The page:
Does Florida Require Separation Before Divorce?

Does Florida Require Separation Before Divorce?

Often, making the decision to file for divorce comes gradually–even though it is an extremely emotional and heavy decision. Part of this process usually involves you and your spouse separating, with the idea being that time apart can jumpstart the divorce process. Other times, the marriage has become so intolerable that separation and divorce is the only option. But some may be wondering if you have to be separated first in Florida in order for the divorce to be legal.

There is a mandatory separation period before a divorce can be finalized in many states, but Florida is not one of them.  There is no requirement that says you must have to first be separated before filing for a divorce. Still, many couples often separate first, acting as a sort of trial period that gives them time to determine if they want to reconcile or go forward with the divorce.

Experienced Tampa Divorce Attorneys Are Here To Support You

Whether a divorce is sudden or gradual, our experienced Florida divorce attorneys at Robert Sharp Attorneys can help make the process a little simpler. Through our years of experience, we have helped numerous clients navigate this emotional and complex process, making sure that their rights and interests are protected.

If you are considering filing for a divorce in the Tampa area, don’t hesitate to contact us. We offer free consultations and can help you determine the best path forward for your divorce.

Do You Have to Be Separated Before Divorce?

In Florida, there is no legal requirement for a separation period before filing for divorce. As a no-fault divorce state, couples in Florida can file for divorce as soon as one or both decide to end the marriage. Although Florida is ultimately a no-fault divorce state, you or your spouse will have to provide evidence to the court that the marriage is “irretrievably broken”. Essentially, this means nothing can be done to fix the relationship. In order to show that the marriage is broken beyond repair, you could provide the following evidence:

  • Evidence of adultery, making the continuation of marriage intolerable for you.
  • Physical or emotional abuse, making the marriage unsafe for you.
  • Abandonment by your spouse for at least six months prior to filing for divorce.
  • Living in separate households on a long-term and continuous basis.

Showing the marriage is broken is one hurdle to clear, but the only legal requirement for a divorce in Florida involves residency.

What Are the Residency Requirements in a Florida Divorce?

Under Florida law, either you or your spouse is required to have resided in the state for at least six months prior to filing for divorce. This requirement exists to make sure that Florida has proper jurisdiction over the divorce proceedings. In order to show that you or your spouse has met this requirement, you will need to provide the following:

  • A valid Florida-issued driver’s license
  • A Florida voter’s registration card
  • Eyewitness testimony from a third party

Those that wish to file for divorce but have not yet met the residency requirements also have options. First, they can file for divorce in the state where they do meet the residency requirements or they can try to have their spouse that does meet Florida’s residency requirements initiate the filing.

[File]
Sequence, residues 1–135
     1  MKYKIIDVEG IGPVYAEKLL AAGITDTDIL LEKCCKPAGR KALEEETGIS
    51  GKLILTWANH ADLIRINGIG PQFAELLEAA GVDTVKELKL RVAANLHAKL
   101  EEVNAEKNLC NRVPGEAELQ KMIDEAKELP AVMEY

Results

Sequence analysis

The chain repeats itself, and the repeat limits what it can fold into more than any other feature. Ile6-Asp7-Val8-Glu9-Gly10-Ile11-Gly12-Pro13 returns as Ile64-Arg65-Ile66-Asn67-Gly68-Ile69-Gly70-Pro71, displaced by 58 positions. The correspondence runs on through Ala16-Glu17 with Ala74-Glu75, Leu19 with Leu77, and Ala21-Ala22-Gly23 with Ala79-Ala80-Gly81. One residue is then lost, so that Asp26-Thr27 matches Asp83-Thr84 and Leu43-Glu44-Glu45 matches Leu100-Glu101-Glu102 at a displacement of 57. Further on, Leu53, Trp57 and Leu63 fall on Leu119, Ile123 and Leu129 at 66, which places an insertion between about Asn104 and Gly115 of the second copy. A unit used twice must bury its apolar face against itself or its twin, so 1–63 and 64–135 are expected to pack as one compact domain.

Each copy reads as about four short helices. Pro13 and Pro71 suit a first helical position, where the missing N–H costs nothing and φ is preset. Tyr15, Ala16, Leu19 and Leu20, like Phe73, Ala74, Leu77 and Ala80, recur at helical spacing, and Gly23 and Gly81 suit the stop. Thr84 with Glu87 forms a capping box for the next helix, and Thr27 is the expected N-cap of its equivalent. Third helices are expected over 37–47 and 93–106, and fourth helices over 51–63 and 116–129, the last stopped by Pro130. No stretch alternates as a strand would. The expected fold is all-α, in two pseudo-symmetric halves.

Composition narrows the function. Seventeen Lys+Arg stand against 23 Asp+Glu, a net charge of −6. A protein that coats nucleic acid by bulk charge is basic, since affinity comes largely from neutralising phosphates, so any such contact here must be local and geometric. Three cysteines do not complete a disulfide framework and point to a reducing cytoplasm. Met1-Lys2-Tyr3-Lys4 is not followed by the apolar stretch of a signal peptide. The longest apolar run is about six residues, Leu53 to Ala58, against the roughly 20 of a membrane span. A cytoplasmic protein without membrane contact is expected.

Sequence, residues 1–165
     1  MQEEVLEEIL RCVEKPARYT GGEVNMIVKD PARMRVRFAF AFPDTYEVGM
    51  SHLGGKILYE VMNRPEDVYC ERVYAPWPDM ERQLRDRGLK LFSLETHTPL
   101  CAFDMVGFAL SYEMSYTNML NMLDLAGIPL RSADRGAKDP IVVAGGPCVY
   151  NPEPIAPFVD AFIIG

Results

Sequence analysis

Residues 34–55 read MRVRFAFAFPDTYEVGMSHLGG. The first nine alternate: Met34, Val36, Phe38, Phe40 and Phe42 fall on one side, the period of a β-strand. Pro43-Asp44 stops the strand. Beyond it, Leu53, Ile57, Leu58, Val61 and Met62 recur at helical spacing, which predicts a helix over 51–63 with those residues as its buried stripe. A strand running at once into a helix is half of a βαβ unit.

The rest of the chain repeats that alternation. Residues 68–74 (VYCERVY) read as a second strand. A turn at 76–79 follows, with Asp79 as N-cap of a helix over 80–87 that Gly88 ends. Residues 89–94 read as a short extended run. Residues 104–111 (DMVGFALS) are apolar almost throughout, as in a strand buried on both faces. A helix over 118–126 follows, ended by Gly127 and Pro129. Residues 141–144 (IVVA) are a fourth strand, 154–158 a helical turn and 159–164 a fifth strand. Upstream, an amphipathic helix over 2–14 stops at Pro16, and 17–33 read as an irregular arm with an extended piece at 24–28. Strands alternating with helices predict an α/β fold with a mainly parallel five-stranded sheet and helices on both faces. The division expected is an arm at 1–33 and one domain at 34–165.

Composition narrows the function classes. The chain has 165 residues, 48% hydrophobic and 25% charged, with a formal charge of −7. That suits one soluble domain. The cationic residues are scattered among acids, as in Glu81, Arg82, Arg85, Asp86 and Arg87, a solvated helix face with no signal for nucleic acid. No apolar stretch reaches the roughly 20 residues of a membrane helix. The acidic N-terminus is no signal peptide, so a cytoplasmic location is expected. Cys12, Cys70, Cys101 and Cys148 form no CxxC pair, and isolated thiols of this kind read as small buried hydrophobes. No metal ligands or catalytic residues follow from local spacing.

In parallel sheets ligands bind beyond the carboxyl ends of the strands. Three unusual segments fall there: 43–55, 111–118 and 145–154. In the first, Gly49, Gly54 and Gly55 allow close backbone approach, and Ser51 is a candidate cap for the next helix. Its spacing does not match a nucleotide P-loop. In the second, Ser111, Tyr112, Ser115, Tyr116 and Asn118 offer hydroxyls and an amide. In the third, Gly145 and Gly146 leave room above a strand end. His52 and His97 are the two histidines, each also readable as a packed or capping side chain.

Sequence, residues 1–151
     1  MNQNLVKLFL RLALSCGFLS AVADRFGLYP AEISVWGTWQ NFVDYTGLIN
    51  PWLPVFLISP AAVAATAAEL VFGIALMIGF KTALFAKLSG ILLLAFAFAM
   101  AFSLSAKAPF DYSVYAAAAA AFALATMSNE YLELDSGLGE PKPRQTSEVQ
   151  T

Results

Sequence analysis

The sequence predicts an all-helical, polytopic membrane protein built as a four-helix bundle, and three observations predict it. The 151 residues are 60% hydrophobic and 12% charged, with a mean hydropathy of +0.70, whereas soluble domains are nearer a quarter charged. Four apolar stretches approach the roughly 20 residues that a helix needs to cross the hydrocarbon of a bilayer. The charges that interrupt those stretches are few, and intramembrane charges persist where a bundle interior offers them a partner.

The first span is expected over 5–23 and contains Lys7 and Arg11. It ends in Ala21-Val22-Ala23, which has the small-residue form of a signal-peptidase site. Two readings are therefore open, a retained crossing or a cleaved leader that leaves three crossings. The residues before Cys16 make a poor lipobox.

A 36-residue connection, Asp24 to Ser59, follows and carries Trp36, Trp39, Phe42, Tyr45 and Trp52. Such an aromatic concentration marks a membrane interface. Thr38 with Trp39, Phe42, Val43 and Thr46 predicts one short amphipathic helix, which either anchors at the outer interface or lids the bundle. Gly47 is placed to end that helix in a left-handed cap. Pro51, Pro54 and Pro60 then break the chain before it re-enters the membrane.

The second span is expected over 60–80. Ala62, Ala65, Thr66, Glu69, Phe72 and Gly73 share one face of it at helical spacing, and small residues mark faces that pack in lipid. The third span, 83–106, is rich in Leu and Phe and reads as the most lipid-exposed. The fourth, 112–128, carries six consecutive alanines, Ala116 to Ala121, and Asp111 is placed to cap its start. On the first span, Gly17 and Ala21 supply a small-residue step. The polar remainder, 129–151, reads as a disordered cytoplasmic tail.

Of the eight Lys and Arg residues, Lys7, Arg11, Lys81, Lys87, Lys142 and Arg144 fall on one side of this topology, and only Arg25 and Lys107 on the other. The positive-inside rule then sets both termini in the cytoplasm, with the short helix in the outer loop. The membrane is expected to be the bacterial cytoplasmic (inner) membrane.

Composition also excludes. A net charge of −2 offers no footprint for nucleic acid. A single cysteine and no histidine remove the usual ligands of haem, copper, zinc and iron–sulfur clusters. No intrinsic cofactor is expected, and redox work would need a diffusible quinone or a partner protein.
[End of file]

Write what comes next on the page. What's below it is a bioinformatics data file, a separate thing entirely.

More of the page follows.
How Long Does a Divorce Take in Florida?

Every divorce is unique, so it’s difficult to assign a standard timeframe for how long a divorce takes in Florida. There are a number of different considerations that go into a divorce case, but the most important one in terms of time is whether the divorce is contested or uncontested.

  • Contested divorce – A contested divorce, as the name suggests, is one where you and your spouse don’t agree on one or multiple major issues that come up in a divorce. This includes things like asset division, child custody, alimony, and other forms of spousal support. Contested divorces, obviously, can take longer to settle and usually require court intervention.


  • Uncontested divorce – An uncontested divorce, on the other hand, is one where you and your spouse agree on all the major issues in the divorce. Uncontested divorces still carry the weight of law, even though a lawyer and judge are typically not involved. They also resolve much more quickly, since both sides are in agreement.


Regardless of whether you have an uncontested or contested divorce, utilizing the experience and knowledge of our Tampa divorce attorneys can make the divorce process a bit easier on you. We can guide your decisions and represent you throughout the process to make sure your needs will be met to your satisfaction.

Work With Qualified Divorce Attorneys in Tampa

At Robert Sparks Attorneys, our team of experienced divorce attorneys takes pride in our ability to give comprehensive legal representation and guidance to clients in Tampa, Dade City, and throughout the state of Florida. We know how emotionally and mentally taxing a divorce can be, which is why we offer efficient and effective representation to make sure that the process is as painless as possible. If you are considering a divorce, or have already filed, you can meet with us for a free consultation to discuss your options. Contact us today to learn more.